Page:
Who does teams and leadership better than anyone else? The New Zealand rugby team The All Blacks do an epic job, and their methods of working together are the primary reason behind their enviable, long-held status as the world’s most successful international men’s rugby team.
Between 1903 and June 2019 the All Blacks won 77.41% of the 580 Tests they played. Their legendary 100 year blaze of glory has barely dimmed, although they’ve struggled at times. No wonder their methods have excited the corporate world so much. Can we make some of that amazing All Blacks magic rub off on us?
James Kerr’s approach to leadership and performance
James Kerr thinks so. He specialises in leadership and high performance, and his incredibly popular book, Legacy, analyses the rugby team’s unique culture. As The Daily Telegraph says, the book is essential for people who are ‘searching for genuine keys to team culture’, discussing as it does the principles that drive exceptional performance and harnessing examples from Kerr’s work with sport teams, military organisations and businesses.
Apparently successful sports teams and business teams work to very similar core principles. They all focus hard on doing the best possible job, on achieving excellence. They are dedicated to a common cause. They believe in personal autonomy within a team structure. They display initiative and admit accountability, their communications are honest, and all this is underpinned by a culture that believes strongly in the fact that leaders create more leaders.
Kerr’s opinions are sought after right now, and he’s a very popular speaker on the commercial circuit. Dedicated to helping organisations up their game, he combines a heady blend of inspiration, standards, expectations, beliefs, mindsets and mental skills to address the issues facing small, elite teams as well as big, diverse ones.
How can these exciting attitudes and principles make us into better teams, and make our leaders better leaders?
Better people make better All Blacks – Principles that create success
The All Blacks believe that better people make better All Blacks. It’s all about achieving dominance while staying human, and that means keeping your ego in check. Tidying up after yourself is a core principle for the team, and that means tidying up both metaphorically and literally. It’s a basic task, and doing so helps you keep your feet on the ground and remain humble, a vital All Blacks value that it’s hard to succeed without.
Do you lead from the front?
It’s important to be a strong leader. But it’s just as important to delegate, because success is about teamwork.
Are you willing to spill metaphorical blood?
You also have to be willing to ‘spill blood’, which sounds pretty gory but in a commercial context simply means taking the risks worth taking, when it’s worth taking them.
Do you treat your team like extended family?
In the Maori language, whanau means ‘extended family’, an idea symbolised by a spear with three tips. The spear won’t do its job unless it moves in just one direction, and the same goes for people. When you constantly work to bond your team and actually select new team members based on their ability to bond well with others, you’re on the right track.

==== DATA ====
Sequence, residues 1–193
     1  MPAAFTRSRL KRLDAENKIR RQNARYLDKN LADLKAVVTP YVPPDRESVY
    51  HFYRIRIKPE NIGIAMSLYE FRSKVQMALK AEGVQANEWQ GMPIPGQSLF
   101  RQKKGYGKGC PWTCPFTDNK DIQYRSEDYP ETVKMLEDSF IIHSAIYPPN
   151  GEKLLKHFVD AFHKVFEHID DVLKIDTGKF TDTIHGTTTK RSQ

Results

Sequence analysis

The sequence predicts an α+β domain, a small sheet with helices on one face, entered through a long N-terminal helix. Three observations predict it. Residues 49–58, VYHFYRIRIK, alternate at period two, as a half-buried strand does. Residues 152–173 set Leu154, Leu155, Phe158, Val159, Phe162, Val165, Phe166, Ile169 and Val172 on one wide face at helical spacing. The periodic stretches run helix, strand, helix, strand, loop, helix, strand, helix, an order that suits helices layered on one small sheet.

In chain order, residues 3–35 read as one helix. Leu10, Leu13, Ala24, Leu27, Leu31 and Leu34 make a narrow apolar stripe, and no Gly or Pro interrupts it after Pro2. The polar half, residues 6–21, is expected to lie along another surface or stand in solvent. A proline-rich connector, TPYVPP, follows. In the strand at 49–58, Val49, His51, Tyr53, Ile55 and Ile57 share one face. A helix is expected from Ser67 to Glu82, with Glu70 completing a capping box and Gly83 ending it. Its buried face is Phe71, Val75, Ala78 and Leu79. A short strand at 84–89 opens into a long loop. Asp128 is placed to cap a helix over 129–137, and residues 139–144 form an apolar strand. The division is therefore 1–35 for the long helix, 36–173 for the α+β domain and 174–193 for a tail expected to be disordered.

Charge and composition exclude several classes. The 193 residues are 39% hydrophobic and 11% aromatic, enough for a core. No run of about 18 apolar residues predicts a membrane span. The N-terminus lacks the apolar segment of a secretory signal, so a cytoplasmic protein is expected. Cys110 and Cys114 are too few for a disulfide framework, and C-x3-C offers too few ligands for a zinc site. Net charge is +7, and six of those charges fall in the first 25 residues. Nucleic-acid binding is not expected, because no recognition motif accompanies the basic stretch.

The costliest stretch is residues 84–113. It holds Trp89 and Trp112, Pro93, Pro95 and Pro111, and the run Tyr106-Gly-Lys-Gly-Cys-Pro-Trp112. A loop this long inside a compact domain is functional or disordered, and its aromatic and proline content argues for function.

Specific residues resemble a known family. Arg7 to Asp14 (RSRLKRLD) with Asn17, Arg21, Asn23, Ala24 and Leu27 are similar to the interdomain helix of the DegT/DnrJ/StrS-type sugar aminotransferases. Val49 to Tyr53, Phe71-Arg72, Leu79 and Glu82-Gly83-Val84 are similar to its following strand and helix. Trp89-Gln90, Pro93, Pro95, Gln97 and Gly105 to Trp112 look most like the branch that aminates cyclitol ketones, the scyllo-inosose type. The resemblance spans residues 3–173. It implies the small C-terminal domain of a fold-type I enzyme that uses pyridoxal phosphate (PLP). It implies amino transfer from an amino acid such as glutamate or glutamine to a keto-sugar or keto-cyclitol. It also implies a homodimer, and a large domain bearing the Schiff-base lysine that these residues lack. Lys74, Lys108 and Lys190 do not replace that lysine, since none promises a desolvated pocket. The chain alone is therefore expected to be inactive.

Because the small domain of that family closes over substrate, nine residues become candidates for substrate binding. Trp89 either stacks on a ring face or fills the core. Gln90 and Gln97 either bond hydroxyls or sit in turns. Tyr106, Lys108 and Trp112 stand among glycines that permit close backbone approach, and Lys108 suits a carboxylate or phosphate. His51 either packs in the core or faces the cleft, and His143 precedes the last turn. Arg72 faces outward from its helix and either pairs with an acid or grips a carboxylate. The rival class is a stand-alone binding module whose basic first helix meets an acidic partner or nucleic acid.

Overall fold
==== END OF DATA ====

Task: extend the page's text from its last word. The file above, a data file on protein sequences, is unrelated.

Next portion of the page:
Can you lead by example?
The best leaders have a positive mindset and a winning attitude, and they lead by example. Good morale brings success a lot more often than poor morale, and it’s your task as a leader to give out positive energy, especially when the going gets tough. Stay calm and confident, and your team will feel the same.
Will you do more in all sorts of ways?
The ex-All Black player Brad Thorn had a mantra, and it was Champions Do Extra. You don’t need to do more big, dramatic things, though. It means finding lots of small ways to do more, more of the time.
Can you continually improve?
Continual improvement is another big one for team success, the knowledge that a continual learning environment encourages the best in people.
How cool is your head?
It’s vital to keep a cool head, something the All Blacks call a Blue Head, as opposed to being in a Red Head state where you panic, and are not very effective as a result. Knowing how the human brain works under pressure is incredibly useful, and a Blue Head – a cool head – is the optimal state to aim for, the mental space where you’re most on task and performing at your very best. Different players achieve this in different ways – some stamp on the floor to ground themselves, others stare into the distance to see the bigger picture. Do you think clearly under pressure? Do you have a fire in your guts and ice in your brain?
Do you respect those who laid the trail before you?
As an All Black you are not a mere individual. You’re part of the wider team, but you’re also mindful of those who have gone before you, paved the way for you, rather like celebrating and respecting your ancestors. The saying underpinning this concept is ‘leave the jersey in a better place’, and that means being a role model in and out of the sport, and understanding how responsibility creates a sense of higher purpose.
Can you take Kerr and the All Blacks on board?
Kerr believes every great leader – and every great team – need these attributes. If you would like to develop your leadership and build more successful teams, get in touch. We would be pleased to hear from you.
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